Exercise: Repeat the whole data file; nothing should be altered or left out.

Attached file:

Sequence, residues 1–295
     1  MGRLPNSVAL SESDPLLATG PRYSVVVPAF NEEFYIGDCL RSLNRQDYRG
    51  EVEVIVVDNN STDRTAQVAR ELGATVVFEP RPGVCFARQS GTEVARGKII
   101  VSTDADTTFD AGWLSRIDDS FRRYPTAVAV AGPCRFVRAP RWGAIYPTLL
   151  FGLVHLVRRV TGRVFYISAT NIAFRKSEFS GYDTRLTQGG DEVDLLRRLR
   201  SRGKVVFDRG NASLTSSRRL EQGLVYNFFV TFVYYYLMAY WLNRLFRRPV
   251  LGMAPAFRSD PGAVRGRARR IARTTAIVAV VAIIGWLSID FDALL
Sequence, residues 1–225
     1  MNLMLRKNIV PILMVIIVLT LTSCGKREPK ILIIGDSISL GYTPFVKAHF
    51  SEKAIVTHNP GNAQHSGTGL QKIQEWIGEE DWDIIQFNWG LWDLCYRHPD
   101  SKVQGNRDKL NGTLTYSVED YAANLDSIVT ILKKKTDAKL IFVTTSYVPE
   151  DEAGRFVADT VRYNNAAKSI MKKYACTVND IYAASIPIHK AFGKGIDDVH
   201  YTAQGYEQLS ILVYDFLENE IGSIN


Sequence, residues 1–295
     1  MGRLPNSVAL SESDPLLATG PRYSVVVPAF NEEFYIGDCL RSLNRQDYRG
    51  EVEVIVVDNN STDRTAQVAR ELGATVVFEP RPGVCFARQS GTEVARGKII
   101  VSTDADTTFD AGWLSRIDDS FRRYPTAVAV AGPCRFVRAP RWGAIYPTLL
   151  FGLVHLVRRV TGRVFYISAT NIAFRKSEFS GYDTRLTQGG DEVDLLRRLR
   201  SRGKVVFDRG NASLTSSRRL EQGLVYNFFV TFVYYYLMAY WLNRLFRRPV
   251  LGMAPAFRSD PGAVRGRARR IARTTAIVAV VAIIGWLSID FDALL
Sequence, residues 1–225
     1  MNLMLRKNIV PILMVIIVLT LTSCGKREPK ILIIGDSISL GYTPFVKAHF
    51  SEKAIVTHNP GNAQHSGTGL QKIQEWIGEE DWDIIQFNWG LWDLCYRHPD
   101  SKVQGNRDKL NGTLTYSVED YAANLDSIVT ILKKKTDAKL IFVTTSYVPE
   151  DEAGRFVADT VRYNNAAKSI MKKYACTVND IYAASIPIHK AFGKGIDDVH
   201  YTAQGYEQLS ILVYDFLENE IGSIN